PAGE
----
Gemma Reucroft delivered the opening keynote of #CIPDNAP14, the CIPD Northern Area Partnership (York, June 2014)
Gemma is introduced a a prolific tweeter and takes to the stage, opening with the socialnomics video and admitting that she is wearing her Twitter necklace emblazoned with @HR_Gem – Gemma encourages us not to put our phones away, but to get them out and tweet. A quick show of hands shows that quite a few members of the audience are active on Twitter (about a third, I think).
We’re looking at the scale of social media, including the fact that Facebook has 1.1 billion users and 500 million tweets sent ever day (which Gemma claims she only makes a small contribution to, but I’m not so sure!). Only Linkedin seems to be accessed from desktops and most other social networks are predominantly accessed from mobile devices.
Gemma describes social media as being a key part of the future of work, citing Linda Gratton (The Shift) in changes to demography (the 100-year life will become common), Five generations , Globalisation, The hole in the middle (where we end up with a hole in the middle of the labour market between highly-paid jobs and low-paid jobs), and Technology. Gemma reinforces the pace of technological change by asking how many of us learned to type on a typewriter and how many remember carbon copy paper, now a ‘blast from the past’. The world in which we live and work has changed and HR needs to change the way we work. If we really want to embrace social media, we need to get more comfortable with taking risks. There are lots of myths about social media, but companies cannot control social media and we need to accept that people will make mistakes. Gemma says that social media is the biggest shift since the Industrial Revolution and can be used to recruit, for learning, for engagement, to build relationships, collaborate and innovate. Social media and technology can change everything; changing communication lines, flattening organisational structures, opening up innovation.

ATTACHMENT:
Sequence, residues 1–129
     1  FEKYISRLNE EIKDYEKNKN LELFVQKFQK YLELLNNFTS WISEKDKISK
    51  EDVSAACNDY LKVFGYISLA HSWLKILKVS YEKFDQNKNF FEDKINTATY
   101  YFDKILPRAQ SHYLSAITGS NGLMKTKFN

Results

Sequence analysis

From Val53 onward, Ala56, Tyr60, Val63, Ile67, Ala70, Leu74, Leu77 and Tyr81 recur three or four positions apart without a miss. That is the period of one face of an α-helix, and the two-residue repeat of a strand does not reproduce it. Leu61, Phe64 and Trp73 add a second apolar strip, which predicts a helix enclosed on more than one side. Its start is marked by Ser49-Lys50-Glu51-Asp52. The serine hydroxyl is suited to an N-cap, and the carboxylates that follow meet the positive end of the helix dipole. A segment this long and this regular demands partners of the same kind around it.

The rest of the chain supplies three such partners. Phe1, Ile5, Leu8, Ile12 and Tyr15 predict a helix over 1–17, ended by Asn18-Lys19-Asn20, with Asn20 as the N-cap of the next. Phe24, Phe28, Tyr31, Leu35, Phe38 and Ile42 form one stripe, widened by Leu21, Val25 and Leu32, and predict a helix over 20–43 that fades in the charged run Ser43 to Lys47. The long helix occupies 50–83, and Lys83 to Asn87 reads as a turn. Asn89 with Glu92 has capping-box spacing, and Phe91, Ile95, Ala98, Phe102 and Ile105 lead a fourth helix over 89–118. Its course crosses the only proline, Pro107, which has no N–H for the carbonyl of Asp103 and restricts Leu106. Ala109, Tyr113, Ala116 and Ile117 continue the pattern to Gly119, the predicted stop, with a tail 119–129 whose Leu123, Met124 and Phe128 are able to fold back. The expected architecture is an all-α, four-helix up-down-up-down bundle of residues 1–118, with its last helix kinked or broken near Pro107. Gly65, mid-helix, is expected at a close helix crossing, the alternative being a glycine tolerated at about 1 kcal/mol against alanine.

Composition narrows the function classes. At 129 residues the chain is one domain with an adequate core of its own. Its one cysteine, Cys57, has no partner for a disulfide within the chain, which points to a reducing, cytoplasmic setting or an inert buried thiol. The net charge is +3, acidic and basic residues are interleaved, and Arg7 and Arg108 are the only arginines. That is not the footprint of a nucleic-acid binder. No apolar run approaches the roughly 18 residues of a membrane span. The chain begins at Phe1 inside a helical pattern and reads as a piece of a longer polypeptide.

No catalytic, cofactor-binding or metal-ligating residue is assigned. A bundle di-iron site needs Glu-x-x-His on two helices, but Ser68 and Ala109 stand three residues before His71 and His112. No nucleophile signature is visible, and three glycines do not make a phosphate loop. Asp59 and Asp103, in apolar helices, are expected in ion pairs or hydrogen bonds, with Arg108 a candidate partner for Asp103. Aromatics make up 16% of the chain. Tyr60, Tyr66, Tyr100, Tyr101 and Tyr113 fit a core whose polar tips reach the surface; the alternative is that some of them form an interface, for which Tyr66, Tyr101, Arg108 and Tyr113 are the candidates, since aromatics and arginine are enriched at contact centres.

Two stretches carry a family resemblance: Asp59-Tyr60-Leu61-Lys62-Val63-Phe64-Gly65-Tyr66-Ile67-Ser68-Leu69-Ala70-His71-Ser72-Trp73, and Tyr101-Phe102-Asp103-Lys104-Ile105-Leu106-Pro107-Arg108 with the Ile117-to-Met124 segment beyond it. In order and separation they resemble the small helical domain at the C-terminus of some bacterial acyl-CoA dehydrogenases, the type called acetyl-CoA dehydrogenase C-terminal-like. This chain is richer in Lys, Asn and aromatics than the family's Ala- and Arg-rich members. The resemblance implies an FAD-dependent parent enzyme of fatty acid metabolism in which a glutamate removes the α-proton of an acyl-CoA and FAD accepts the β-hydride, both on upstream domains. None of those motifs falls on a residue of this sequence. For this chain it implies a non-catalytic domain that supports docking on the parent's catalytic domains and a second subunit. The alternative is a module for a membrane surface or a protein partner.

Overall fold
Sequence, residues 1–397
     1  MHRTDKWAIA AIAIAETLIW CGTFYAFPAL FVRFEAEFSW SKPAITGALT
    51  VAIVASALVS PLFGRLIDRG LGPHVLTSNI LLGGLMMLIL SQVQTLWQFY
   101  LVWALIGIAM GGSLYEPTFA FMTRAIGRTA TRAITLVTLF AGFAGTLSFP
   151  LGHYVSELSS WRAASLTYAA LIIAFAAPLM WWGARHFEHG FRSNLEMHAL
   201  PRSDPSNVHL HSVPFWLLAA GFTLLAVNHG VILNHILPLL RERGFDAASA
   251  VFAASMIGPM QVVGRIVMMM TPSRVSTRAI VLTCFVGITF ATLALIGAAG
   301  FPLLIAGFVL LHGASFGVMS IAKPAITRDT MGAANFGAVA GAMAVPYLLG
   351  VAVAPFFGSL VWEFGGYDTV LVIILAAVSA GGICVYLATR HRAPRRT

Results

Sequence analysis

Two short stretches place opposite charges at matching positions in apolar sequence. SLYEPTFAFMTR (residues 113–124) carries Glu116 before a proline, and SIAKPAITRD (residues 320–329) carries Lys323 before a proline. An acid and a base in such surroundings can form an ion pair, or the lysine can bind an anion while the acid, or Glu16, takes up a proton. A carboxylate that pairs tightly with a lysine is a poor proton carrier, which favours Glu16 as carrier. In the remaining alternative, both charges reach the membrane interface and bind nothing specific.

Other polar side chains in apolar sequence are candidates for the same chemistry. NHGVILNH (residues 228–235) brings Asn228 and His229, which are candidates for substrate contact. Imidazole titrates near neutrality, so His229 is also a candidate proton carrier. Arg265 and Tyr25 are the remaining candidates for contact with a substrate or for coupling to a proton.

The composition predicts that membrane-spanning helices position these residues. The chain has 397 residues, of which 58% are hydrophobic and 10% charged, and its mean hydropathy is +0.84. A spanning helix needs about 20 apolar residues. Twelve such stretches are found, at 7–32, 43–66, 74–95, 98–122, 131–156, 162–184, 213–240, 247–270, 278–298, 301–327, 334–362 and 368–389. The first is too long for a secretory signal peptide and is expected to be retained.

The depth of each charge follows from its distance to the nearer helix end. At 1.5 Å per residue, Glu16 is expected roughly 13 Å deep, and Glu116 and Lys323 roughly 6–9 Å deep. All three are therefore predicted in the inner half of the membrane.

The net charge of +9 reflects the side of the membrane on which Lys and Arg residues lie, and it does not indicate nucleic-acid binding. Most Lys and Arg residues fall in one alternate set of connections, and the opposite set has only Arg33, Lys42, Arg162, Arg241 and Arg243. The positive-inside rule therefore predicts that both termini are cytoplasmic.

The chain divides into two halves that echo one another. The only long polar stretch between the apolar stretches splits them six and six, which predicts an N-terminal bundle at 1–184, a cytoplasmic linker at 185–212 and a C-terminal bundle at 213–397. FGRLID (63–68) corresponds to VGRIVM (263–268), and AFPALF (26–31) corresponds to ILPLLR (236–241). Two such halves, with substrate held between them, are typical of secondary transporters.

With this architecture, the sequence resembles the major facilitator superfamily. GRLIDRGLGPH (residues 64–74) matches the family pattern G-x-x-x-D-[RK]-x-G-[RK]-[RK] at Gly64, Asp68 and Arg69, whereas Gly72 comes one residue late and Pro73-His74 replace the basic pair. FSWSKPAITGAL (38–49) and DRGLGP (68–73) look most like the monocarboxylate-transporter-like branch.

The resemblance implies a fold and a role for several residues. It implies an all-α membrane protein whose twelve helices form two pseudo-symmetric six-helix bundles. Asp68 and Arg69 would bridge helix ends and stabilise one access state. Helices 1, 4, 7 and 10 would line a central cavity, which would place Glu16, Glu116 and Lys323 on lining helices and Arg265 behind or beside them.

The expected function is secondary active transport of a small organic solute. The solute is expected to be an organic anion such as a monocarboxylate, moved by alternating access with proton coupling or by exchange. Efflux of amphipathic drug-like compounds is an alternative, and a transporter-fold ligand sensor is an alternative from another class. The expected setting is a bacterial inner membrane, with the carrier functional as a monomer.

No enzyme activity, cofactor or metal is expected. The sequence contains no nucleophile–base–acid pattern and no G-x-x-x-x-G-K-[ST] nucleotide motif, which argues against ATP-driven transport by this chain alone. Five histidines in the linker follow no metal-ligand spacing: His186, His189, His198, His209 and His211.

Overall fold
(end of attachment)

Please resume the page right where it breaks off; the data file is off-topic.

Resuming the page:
Gemma looks at the ‘adoption curve’, reminding us that we will always have a range from early adopters to laggards. We have a quick game of social media bingo (to looks at how many social networks we use) before talking about #NZLEAD as a brilliant example of how to learn and engage through social media. Gemma now talking about the work of Lev Vygotsky about how we learn, and talks about the power of Twitter as a learning tool. Gemma describes Twitter as her ‘more knowledgeable other’.
Gemma shared her personal social media journey, joining Twitter about 2.5 years ago and setting up a blog after reading other people’s blogs. Gemma describes how she wanted to meet people IRL (in real life) and then came along to #ConnectinghrMCR (Connecting HR Manchester) and met some fabulous people. Gemma talks about the power of blogging, saying that she wouldn’t necessarily advise everybody to go out and set up a blog but that she has benefited massively from writing on her own blog).
Gemma shares some suggestions of people to follow on Twitter:
And some blogs to follow:
Gemma talked about how much she has gained from social media, and used our crowdsourced book, Humane Resourced, as a great example of how social media changes everything and enables a crowdourced book to be published for a total investment of USD 16. Humane Resourced available is available to buy on Kindle.
Gemma’s rules: Be you, Dive in, Share stuff.
(This blog post was live-blogged during the session. I’ve sone my best to capture, in an unbiased way, some of the key points made by the speaker.)
In true social style, Gemma has written a blog post about her keynote and Helen Amery has curated a Storify from the session: